Hormones 101

BEFORE pregnancy, I had a brief awareness of two little hormones called oestrogen and progesterone, they were responsible for monthly emotional outbursts over sad music videos and tragic montages in romance movies.

Or anti-smoking ads. Once during Free Willy (am still trying to live that down).

The blow could be softened with a bath, a block of chocolate or a good cry. All three on bad days.

Now though, I call them the “beast within” and there is no placating them.

I can picture them rampaging about in my system as angry mobs waving around pitchforks and flaming torches.

I am barely more than four months along, but so far have cried at: barking dogs, crying children (mine), pants that won’t fit, the walls…

And if I’m not crying, I’m screeching.

If my neighbours are reading, they’re sure to be nodding in agreement. Probably very tired of my howls of “you just don’t get it” to my better half.

Never mind if I started the tirade, I’ll be the one to bellow that he doesn’t understand, doesn’t care and doesn’t know when to leave me alone.

For the record, my husband does care and he does try to understand ā€“ usually about when I demand to be left alone.

Pregnant women don’t make it easy on men.

But why should we? We’ve got to do everything else on the “incubating” front.

If they have to suffer the slings and arrows of O&P, that is a comparatively small price to pay when you think of just what a pregnant woman must go through to bring a new life into the world.

And I’m not talking about labour – that’s a whole other column.

I’m talking about the physical and physiological changes we go through well before the contractions start.

For example: I’m carrying around an extra litre of blood at present; my breathing has already shallowed as my lungs are being squished; I cross my fingers (and legs) if about to sneeze and I can just forget about my modesty when I’m about to be sick (which is often); relaxin hormones are stretching my ligaments and muscles, creating a “stitch” in some parts and making my hips feel like they’re floating around somewhere in my now-ample buttocks, grinding together whenever I need to get off the couch; my skin has “the glow”, which in my reality is red, blotchy and prone to acne.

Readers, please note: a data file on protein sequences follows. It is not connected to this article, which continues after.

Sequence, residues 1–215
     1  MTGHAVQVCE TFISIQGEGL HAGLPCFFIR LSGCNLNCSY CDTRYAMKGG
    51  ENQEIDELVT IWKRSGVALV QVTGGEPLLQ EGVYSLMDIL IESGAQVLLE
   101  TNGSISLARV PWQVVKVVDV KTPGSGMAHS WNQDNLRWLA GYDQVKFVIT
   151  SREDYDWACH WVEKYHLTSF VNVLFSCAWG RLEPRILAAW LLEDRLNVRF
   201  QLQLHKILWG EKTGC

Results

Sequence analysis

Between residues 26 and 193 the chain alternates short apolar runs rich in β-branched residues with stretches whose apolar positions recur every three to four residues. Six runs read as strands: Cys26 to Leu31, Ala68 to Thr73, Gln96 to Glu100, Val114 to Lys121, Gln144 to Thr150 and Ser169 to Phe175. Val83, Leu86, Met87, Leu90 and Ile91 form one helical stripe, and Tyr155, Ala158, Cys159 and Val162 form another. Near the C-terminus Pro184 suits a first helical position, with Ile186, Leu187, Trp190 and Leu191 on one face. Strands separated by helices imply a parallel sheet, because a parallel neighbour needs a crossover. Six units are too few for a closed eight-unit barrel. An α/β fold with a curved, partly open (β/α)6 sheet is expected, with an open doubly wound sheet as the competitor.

Sounds fun?

Add to this the psychological complication that is hormone imbalance and you’ve got one very muddled up mum-to-be.

But rather than point out the various trials I’m facing, I’m more likely to get cranky or cry over: the time it takes to wind up a car window; or bins that need emptying.

It seems communication has been forfeited for whingeing and moaning.

So, what’s my advice for men suffering with a Jekyll-Hyde wife?

Agree with her.

Now is not the time to point out where she’s going wrong.

Unless, you know, you want your face rearranged. Don’t question her method or her sanity, just nod sympathetically and apologise.

After all, you did play a part in this.

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